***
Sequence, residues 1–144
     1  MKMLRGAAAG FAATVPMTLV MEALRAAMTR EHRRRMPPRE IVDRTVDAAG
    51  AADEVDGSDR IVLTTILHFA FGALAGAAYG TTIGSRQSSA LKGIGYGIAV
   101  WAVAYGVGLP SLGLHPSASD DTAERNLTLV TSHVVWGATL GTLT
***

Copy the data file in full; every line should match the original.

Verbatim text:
Sequence, residues 1–144
     1  MKMLRGAAAG FAATVPMTLV MEALRAAMTR EHRRRMPPRE IVDRTVDAAG
    51  AADEVDGSDR IVLTTILHFA FGALAGAAYG TTIGSRQSSA LKGIGYGIAV
   101  WAVAYGVGLP SLGLHPSASD DTAERNLTLV TSHVVWGATL GTLT